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Poster D47

Temporal Order Memory in Naturalistic Events Is Influenced by Semantic Knowledge and Hierarchical Event Structure

Poster Session D - Monday, April 15, 2024, 8:00 – 10:00 am EDT, Sheraton Hall ABC

Yining Ding1 (, Devon R. Alperin1, Jeffrey M. Zacks1; 1Washington University in St. Louis

Previous studies on temporal order memory (TOM) using discrete pictorial stimuli showed that people are sometimes better at remembering the temporal order of items occurring within the same perceptual event than items spanning across a perceptual boundary (Heusser et al., 2018, JEP:LMC), but that the opposite can also occur if supporting contextual cues are present during test (Wen & Egner, 2022, Cognition). However, it is hard to generalize this result to naturalistic events without considering how semantic knowledge and hierarchical event structure may support the encoding and retrieval of temporal order information. To investigate these possibilities, we created hierarchically organized narrative stimuli describing everyday events, with semantic order constraints among events either on the coarse-level or on the fine-level. We found that participants could use semantic order constraints at either level to improve TOM. This led to better across-event TOM when coarse-level semantic constraints were provided, but better within-event TOM when fine-level semantic constraints were provided. In addition, when participants could not leverage semantic order constraints, they were more confident about temporal order across events than within events, independent of accuracy. Their distance rating of event pairs was inflated when the two events spanned across an event boundary. Finally, in serial recall, participants frequently chunked their recall based on coarse-level event membership. These results suggested that the role event boundaries play in shaping temporal order memory task performance depends on people’s ability to use information other than episodic memory.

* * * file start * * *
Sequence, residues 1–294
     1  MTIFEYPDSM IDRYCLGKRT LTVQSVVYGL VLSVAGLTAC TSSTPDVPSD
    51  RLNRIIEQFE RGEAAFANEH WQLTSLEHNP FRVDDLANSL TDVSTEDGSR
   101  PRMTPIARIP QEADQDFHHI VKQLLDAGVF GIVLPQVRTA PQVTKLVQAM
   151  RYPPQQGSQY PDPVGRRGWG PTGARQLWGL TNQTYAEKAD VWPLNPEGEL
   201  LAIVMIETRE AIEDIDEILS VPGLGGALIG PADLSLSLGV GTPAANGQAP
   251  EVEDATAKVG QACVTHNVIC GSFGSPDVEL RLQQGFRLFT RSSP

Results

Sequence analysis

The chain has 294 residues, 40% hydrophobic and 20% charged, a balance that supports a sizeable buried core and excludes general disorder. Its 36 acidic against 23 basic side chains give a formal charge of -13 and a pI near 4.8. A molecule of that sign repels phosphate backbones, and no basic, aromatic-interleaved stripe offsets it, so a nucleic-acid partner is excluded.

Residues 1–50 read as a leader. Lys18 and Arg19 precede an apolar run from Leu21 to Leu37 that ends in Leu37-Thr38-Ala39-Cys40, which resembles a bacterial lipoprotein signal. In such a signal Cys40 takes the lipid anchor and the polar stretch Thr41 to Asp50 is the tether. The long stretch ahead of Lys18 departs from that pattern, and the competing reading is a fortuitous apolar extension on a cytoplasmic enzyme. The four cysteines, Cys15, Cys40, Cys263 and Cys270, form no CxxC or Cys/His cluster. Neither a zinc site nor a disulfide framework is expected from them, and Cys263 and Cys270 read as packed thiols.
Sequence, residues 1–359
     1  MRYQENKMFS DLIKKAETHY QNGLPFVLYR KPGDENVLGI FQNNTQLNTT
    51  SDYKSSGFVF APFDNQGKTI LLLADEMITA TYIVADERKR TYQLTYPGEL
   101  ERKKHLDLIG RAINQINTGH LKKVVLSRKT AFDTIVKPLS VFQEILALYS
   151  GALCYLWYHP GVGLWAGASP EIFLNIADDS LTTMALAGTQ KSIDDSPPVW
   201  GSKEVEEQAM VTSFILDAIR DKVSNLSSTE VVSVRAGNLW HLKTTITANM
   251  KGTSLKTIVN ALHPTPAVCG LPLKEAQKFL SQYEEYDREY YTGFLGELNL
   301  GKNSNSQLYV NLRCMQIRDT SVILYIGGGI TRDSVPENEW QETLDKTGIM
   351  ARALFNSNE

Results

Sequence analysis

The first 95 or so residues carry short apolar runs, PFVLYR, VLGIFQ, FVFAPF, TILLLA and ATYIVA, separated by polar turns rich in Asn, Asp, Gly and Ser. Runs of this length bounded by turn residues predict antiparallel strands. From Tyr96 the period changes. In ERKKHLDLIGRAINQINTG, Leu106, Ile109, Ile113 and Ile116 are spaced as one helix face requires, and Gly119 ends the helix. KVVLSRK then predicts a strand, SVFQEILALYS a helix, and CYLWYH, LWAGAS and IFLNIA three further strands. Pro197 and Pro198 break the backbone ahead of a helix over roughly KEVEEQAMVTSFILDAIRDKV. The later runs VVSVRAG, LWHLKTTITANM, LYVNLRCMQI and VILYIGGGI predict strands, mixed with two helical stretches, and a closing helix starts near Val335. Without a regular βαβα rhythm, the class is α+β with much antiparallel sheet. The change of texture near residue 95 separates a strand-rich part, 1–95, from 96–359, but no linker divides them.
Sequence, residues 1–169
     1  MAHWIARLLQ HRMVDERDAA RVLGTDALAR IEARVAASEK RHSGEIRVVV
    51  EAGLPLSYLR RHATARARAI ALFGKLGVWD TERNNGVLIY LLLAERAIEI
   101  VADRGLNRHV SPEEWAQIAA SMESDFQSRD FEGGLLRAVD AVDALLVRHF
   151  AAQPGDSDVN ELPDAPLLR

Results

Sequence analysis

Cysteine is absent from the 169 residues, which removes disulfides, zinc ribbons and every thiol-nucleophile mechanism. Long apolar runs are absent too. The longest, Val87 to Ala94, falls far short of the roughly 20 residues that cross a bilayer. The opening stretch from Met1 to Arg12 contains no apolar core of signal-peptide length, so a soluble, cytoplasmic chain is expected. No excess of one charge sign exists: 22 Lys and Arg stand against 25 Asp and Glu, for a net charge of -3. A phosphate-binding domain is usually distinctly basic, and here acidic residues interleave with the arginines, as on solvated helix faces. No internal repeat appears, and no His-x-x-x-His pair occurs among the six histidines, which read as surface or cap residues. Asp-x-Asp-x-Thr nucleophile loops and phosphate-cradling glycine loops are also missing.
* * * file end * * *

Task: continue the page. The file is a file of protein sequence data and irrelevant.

Topic Area: LONG-TERM MEMORY: Episodic


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April 13–16  |  2024